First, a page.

Hurricane season. They warned us this year would an active season. Talk about an understatement. Harvey in Texas. Irma in Florida. Jose on the heels of Irma. Unprecedented, they say. Since I moved to Houston in 1981, I’ve lived through Alicia, Allison, Rita, and Ike. But before those hurricanes, there was another one I’ll never forget. My very first encounter.
I was living in the Florida Keys in 1965 when Category 4 Hurricane Betsy cycloned down upon us on September 5.
“Betsy was a huge storm — more than 600 miles from edge to edge with an eye estimated to be 40 miles wide at one point. The size of the storm meant that while the eye passed over the Keys, serious damage stretched north to Fort Lauderdale. The storm brought a six-foot storm surge that flooded Miami and Fort Lauderdale and is said to have nearly covered the island of Key Biscayne.” (Sun Sentinel, September 9, 1965)
On August 25, 1965, my daughter, Shawn, was born. Earlier that day my second husband, and Shawn’s father, Johnny, was at work on a lobster fishing boat in Key West. I was alone in our Airstream parked in Big Pine Key. The baby wasn’t due for another month. I started having back pain that got increasing worse. Was I in labor? Something was pushing against my back. I tried telling myself, “No, just relax. The pain will go away. This doesn’t feel like labor pains.” But the pain didn’t go away. I needed help. I ran outside to the few other trailers in the area and pounded on doors. I screamed. Nobody answered. I limped back home.
By some fortunate calculation where I must have foreseen this happening, or maybe the doctor had given me a copy, I had a book on “How to Deliver a Baby by Yourself.” As I positioned myself sideways on the couch, I now read this from cover to cover and again until I practically memorized it. At one point when the pressure became urgent, I went to the toilet and discovered I could touch the baby’s head.
I screamed. My husband burst into the door. He’d had a premonition that he needed to leave the fishing boat and rush home. He put me into the car and rushed me to his boss’s house. His boss ran inside and telephoned for the paramedics. When he came back to the car, I was on my knees in the front seat and Johnny was delivering my 5 pound baby girl. As he held our baby, he picked up his fishing knife, and asked, “Should I cut the cord?”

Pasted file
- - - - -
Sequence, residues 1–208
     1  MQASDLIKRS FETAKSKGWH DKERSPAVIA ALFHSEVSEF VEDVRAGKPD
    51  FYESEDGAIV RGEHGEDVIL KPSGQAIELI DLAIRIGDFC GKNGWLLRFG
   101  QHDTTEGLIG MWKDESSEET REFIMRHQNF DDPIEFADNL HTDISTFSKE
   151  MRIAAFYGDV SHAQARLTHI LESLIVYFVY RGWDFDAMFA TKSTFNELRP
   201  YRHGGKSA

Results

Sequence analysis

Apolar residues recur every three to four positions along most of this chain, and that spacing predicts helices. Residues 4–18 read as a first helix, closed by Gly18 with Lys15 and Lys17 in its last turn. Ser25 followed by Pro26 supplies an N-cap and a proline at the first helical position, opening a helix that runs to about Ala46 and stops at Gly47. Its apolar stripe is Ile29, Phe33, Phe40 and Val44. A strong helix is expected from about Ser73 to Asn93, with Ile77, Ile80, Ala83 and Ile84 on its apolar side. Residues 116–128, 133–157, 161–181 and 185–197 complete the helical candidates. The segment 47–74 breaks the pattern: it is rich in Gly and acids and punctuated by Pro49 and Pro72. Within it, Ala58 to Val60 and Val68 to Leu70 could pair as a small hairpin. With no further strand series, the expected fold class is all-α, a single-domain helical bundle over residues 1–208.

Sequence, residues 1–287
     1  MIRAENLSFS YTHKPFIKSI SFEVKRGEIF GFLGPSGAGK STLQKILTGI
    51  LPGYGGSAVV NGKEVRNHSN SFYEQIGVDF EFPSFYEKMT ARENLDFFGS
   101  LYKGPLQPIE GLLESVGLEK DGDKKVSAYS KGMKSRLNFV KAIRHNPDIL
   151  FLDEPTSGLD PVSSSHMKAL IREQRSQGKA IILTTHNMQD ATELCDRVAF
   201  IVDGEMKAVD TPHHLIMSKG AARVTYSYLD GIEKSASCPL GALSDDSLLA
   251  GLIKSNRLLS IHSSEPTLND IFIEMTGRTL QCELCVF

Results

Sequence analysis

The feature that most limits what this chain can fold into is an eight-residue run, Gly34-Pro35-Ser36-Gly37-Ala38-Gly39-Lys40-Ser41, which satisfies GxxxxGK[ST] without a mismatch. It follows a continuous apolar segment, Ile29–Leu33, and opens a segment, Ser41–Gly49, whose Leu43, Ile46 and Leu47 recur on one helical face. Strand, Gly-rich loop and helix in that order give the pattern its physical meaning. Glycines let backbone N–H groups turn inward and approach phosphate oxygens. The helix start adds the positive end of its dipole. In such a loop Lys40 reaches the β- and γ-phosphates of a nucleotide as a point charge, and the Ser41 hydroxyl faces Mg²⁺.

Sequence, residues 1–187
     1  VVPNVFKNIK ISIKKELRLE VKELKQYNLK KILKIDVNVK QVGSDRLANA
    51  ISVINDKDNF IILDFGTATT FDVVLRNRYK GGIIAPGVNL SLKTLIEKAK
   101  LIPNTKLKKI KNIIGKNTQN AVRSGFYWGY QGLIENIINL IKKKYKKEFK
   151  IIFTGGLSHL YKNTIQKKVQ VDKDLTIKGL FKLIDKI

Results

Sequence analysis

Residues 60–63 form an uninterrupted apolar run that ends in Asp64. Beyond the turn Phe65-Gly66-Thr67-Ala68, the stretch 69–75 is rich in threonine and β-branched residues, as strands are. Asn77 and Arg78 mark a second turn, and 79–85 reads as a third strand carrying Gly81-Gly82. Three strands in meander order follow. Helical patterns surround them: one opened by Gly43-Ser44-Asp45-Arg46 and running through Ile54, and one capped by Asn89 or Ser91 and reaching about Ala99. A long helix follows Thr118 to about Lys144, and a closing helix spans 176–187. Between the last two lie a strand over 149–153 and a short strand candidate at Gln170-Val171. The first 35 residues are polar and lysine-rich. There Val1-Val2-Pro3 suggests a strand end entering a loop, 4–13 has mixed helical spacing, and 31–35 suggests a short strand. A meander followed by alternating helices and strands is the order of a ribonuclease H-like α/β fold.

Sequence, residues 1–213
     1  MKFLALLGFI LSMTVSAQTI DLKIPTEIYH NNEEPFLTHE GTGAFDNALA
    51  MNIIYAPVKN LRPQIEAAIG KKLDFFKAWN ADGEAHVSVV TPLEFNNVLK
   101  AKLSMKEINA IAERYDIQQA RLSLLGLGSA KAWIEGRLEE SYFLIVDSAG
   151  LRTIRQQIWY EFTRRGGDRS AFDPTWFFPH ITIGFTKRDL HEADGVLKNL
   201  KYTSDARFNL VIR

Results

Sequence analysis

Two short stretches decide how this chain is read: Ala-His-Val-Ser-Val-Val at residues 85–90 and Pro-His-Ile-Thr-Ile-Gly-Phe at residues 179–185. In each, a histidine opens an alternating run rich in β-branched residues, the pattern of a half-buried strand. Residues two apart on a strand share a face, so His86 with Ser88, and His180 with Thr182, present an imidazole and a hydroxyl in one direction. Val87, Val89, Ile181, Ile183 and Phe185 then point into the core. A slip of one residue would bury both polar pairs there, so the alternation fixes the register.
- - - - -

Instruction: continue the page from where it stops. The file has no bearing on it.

Having read the book on how to deliver a baby by yourself, I screamed, “No!” Fortunately, the paramedics arrived minutes later. They put me in the ambulance with my baby Shawn on top of my stomach, cord still attached, and drove to the hospital in Marathon Key. There the doctors delivered the afterbirth. The actual birth on my knees in the car was almost pain free, unlike the afterbirth.
Three weeks later we drove to a motel in Homestead with many of our neighbors to hunker down in the wake of Hurricane Betsy. Johnny brought his guitar and we all tried to keep calm in that one cramped motel room. I had bottles of milk since I was physically unable to breastfeed as much as the baby needed. With the loss of electricity, we heated her bottle in the radiator of the car amidst the onslaught of winds and rain.
When Betsy finally moved on, we ventured back home. We viewed the fallen trees and destruction on the way and wondered if our Airstream and attached cabana would still be there. The cabana was long gone, but our Airstream home was sturdy as ever.